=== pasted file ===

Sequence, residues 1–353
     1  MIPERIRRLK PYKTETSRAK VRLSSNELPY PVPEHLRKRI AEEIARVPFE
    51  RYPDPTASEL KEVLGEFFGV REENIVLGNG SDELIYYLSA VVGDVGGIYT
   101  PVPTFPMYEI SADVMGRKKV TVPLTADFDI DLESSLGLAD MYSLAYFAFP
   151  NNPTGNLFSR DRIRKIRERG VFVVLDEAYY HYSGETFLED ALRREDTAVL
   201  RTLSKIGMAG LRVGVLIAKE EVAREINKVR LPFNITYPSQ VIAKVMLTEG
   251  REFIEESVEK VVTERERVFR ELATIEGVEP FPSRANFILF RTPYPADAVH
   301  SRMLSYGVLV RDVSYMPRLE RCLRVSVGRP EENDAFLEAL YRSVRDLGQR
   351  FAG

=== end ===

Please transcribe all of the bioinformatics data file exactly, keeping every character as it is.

Sequence, residues 1–353
     1  MIPERIRRLK PYKTETSRAK VRLSSNELPY PVPEHLRKRI AEEIARVPFE
    51  RYPDPTASEL KEVLGEFFGV REENIVLGNG SDELIYYLSA VVGDVGGIYT
   101  PVPTFPMYEI SADVMGRKKV TVPLTADFDI DLESSLGLAD MYSLAYFAFP
   151  NNPTGNLFSR DRIRKIRERG VFVVLDEAYY HYSGETFLED ALRREDTAVL
   201  RTLSKIGMAG LRVGVLIAKE EVAREINKVR LPFNITYPSQ VIAKVMLTEG
   251  REFIEESVEK VVTERERVFR ELATIEGVEP FPSRANFILF RTPYPADAVH
   301  SRMLSYGVLV RDVSYMPRLE RCLRVSVGRP EENDAFLEAL YRSVRDLGQR
   351  FAG